Dana, Sila and Bhavana

Venue: Teh Residence

Today’s dana is held for 2 auspicious reasons—the installing of a new Buddha image and the full moon celebration of Mr and Mrs Teh’s newborn grandson.

As usual, before any dana or Dhamma talk, we chant the Tisarana and the Pañca Sila. This is be-cause when we chant the Tisarana, we are seeking refuge and protection in the Buddha, Dhamma and Sangha. All of us are lucky enough to be born in a world cycle where there is a Buddha. In our tradi-tion we believe that in this present kappa (a kappa is the length of time it takes for a person to wear down a solid block of granite 1000 cu. km. in size if he were to take a silk cloth and wipe it once every 100 years), there are only 5 Buddhas. Gotama Buddha is the 4th Buddha and Metteyya (Maitreya), the last Buddha in this present kappa, will only appear in the extremely far future after our death. So if any one comes and tell you that so and so is a Buddha you should understand that our tradition will not accept it. We Buddhists, besides taking refuge in the Buddha, Dhamma and Sangha, should try our very best to do dana, guard our sila and practise bhavana everyday for our growth in happiness.

    1. Dana (giving)
      There are 3 types of dana: –

        1. Material – in the form of food, money and other tangible items.
        1. Service – such as doing charitable work. One of the best kinds of service is to renounce to learn, practise and eventually teach the Dhamma.
      1. Body – this is one of the highest forms of dana and involves giving a part of our physical self such as donating blood or pledging our organs after death.

      A dana that is well offered has the following qualities:

        1. Personally offered instead of delegated.
        1. Respectfully offered.
        1. Of a suitable nature.
      1. Offered to the correct recipient.

      The merit of the dana increases manifold with the sila and spiritual attainment of each recipient, such as starting from a layman, a practising yogi/monk, an ariya (through all the 4 stages), a Pacceka Buddha and culminating in the highest of them all, a Sammasambuddha.


    1. Sila (precepts)
      If a person is very charitable but has no sila, it is highly likely that he will be reborn in a lower plane of existence but will not be short of material comforts; such as being reborn as the beloved pet of a rich householder. On the other hand, a person who has sila but is not charitable finds it hard to have material comforts even though he might be born in a higher plane of existence. A person who is both charitable and virtuous has it all. If he is reborn in heaven, he will appear extremely luminous and ra-diant.

      The basis of sila is the Pañca Sila, (Five Precepts) which entails abstention from

        1. killing
        1. stealing
        1. sexual misconduct
        1. lying
        1. indulging in intoxicants which dull the mind and makes one behave stupidly.
        1. Whenever possible, we should also strive to observe the 8 precepts. The additional 3 precepts are to abstain from:
        1. food after noon
        1. entertainment (which blurs our mental acuities) and adornments (that increase our vanity)
      1. sleeping on a high, luxurious bed.

      It is especially virtuous to keep the 8 precepts on Uposatha days. According to traditional beliefs, on such occasions Sakka Devaraja will come down to witness and bless us for our efforts. A person is encouraged to seek the blessing of a monk when he wishes to observe these extra precepts for 2 reasons:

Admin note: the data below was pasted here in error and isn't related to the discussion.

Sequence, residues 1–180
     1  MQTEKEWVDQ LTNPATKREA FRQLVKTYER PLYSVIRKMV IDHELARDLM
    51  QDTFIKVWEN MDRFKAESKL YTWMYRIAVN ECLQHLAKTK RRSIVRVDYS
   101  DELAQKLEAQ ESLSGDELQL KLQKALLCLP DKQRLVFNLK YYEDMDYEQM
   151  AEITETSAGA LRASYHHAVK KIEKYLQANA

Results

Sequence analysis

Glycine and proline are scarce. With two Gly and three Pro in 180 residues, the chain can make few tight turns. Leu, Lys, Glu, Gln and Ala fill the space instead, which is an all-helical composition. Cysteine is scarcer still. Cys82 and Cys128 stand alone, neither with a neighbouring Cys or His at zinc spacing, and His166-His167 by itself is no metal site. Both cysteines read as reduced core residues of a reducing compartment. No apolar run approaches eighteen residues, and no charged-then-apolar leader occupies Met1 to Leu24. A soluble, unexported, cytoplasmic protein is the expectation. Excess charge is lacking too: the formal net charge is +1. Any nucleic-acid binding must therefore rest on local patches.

1. He will have to make good his promise and make sure he observes the precepts properly. It will act as a deterrent for him and prevent him from straying from what he has pledged to observe.
      1. After giving his blessings, a monk will normally transfer merits for such a meritorious act.


  1. Bhavana (mental development)
    This is the development of wisdom. There are three levels of wisdom:

      1. wisdom gained through hearing
      1. wisdom gained through thinking or pondering like those of philosophers
    1. wisdom gained through meditation.

Nowadays there are many types of teachings and to listen to all of them without an intelligent, inquiring mind will cause the listener to be confused. Therefore it is important for everybody to listen to good Dhamma. In our tradition, we believe that good Dhamma can be found in the 4 Nikayas.

As for the wisdom gained through thinking or pondering, it is good if one bases one’s thinking on right view by listening to good Dhamma first. Otherwise if it is based on wrong view, one could be a dangerous person to oneself or others.

When one gains the right view of anicca, dukkha and anatta through meditation, that moment can be equivalent to the mental attitude of one who has attained the fruit of liberation. Every Saturday evening in SBS, Bhante Aggacitta will give instruction to those who want to cultivate wisdom through meditation. If you are interested you are all welcome to participate. There are volunteers who will drive you up to SBS starting at about 8.00 pm from the Tiger General Shrine at the foothill.

Before I conclude, I would like to introduce you to a particular sutta, which I first read in 2001 when I was still a layman. This is the “Mangala Sutta Vannana” by the late Venerable K. Gunaratana, first published in 1956 by Mahindarama Buddhist temple. I can still recall the joy that arose in me as I read all 36 verses of it. So great is the virtue of this sutta that in Myanmar, children are taught it in school. This is the sutta that was uttered by the Buddha in Jetavana, Anathapindika’s monastery, when a radiant heavenly being sought his advice on what is auspicious and good.

In conclusion, it is my hope that after listening to this Dhamma talk, all devotees will go home, memorise the important points, reflect on them and put them into practice.

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